By Ek Madra
TRAMKOK, Cambodia (Reuters) - Sok Sarin flashes a toothless grin as he looks at his newly built house and remembers how the other farmers laughed when he pioneered new rice-growing techniques in his district in southern Cambodia.
Better irrigation, training in how to select seeds and cheap fertilizer made from wild plants and animal or bat droppings have more than doubled the yield from his rice fields to 3.4 tons per hectare from 1.5 tons.
"No one believed that this idea would work. Now they follow me and they have good harvests," said Sarin, 60.
Cambodia's economy was devastated by civil war from the 1970s to the late 1990s, including four years under Pol Pot's Khmer Rouge, whose dream of transforming the country into a great rice power ended in the nightmare of the "Killing Fields."
Now another agrarian revolution is under way as the government seeks to boost rice exports and cut poverty among its 14 million people, 85 percent of whom are farmers or members of farming families.
Thanks in large part to vastly improved irrigation, Sarin can get two crops a year from his fields, earning him an income of $1,500. Per capita income in Cambodia is around $500.
Sarin's neighbor, Long Yos, 50, said Cambodian farmers were also following methods honed in China, India and the Philippines to breed fish that eat the insects that destroy rice plants.
"The fish eat the insects; we eat the fish when they get bigger," said Yos.
Better irrigation and the expansion of land use are crucial to government ambitions to produce 15 million tons of rice by 2015, more than double the 7 million forecast for 2008/09 and 6.76 million in 2007/08. The main harvest is in November.
According to the U.S. Department of Agriculture (USDA) Cambodia was the world's ninth-biggest rice exporter in 2007 with 450,000 tons. Agriculture Minister Chan Sarun says Cambodia could export 8 million tons by 2015.
Neighbors Thailand and Vietnam were in first and third places in the export table in 2007 with 9.5 million tons and 4.5 million tons respectively, according to the USDA.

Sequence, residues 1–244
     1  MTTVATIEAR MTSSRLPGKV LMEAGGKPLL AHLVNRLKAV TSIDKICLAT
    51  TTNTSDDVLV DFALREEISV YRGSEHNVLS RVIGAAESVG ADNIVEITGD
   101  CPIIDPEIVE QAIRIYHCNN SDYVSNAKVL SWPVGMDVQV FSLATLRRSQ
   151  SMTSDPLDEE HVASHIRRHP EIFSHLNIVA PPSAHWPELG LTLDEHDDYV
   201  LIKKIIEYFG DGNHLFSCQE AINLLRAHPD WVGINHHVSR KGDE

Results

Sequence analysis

One rice dealer with a trading house in Singapore estimated Cambodia exported 600,000 to 800,000 tons a year, directly or indirectly via Thailand, and could push that up to 1.5 million tons in one or two seasons if the government was focused.
"But 8 million tons is an entirely different ball game. Obviously, this has to come from increases in area and not just yield," he said.
Another Singapore trader said it would take a lot of money for Cambodia to push yields significantly higher.
"China is the only country in the developing world that has reached 6 to 8 tons per hectare. Thailand is at 3.5 tons per hectare while India is around 2.5 tons," he said.
Analysts in Thailand, while acknowledging how far Cambodia has come already, think its plans are just too ambitious.
"It's possible, but it would not be that easy," Paka-on Tipayatanadaja at Kasikorn Research said of the 2015 target.
"It would take more than a decade to develop not only an irrigation system, but also a logistics system and storage systems," she added.
Many Cambodian farmers harvest just once a year because of a lack of water. Vietnam and Thailand, with their superior irrigation, manage two or three crops.
Phnom Penh is investing about $49 million a year on irrigation, said Hang Chuon Naron, an official at the Finance Ministry, but much more is needed.
"Japan and South Korea are helping us but that's not enough," said Chea Chhun Keat of the Water Resources Ministry, adding 1.6 million hectares of 2.6 million under cultivation was irrigated.
Foreign investment is flowing into Cambodia thanks to its cheap labor and the political stability achieved under Hun Sen, prime minister since 1985.
In August, Kuwait agreed loans totaling $546 million, of which $486 million will be invested in irrigation systems and hydro-power on the Stueng Sen river in the northeast of the country.
A Kuwaiti newspaper said Kuwait had leased rice fields to secure food supplies. Qatar also plans to invest $200 million in Cambodian farmland.
"They have the money, we have the land. They wouldn't come if we didn't have agricultural potential," said farm minister Sarun.
Land under cultivation could be pushed up to 3.5 million hectares quite quickly, according to Yang Saing Koma, president of the Cambodian Center for Study and Development in Agriculture.
He pointed to the area round Tonle Sap, Cambodia's biggest freshwater lake with up to 800,000 hectares of potential farm land, much of it unused as a lack of irrigation means farmers can't control water levels: In the rainy season, there's too much, which damages rice plants, in the dry season too little.
There is more land to be worked in the northeast and in the still-mined former battlefields of the northwest.
In all, Saing Koma said, Cambodia had 6 million hectares that might be cultivated for rice and other crops.
The average rice yield per hectare is currently 2.6 tons and he said that could be pushed up to 3.5 tons -- a yield that Sarin has in his sights thanks to the training, irrigation and bat droppings that have given him two crops a year.
(Writing by Alan Raybould; editing by Megan Goldin)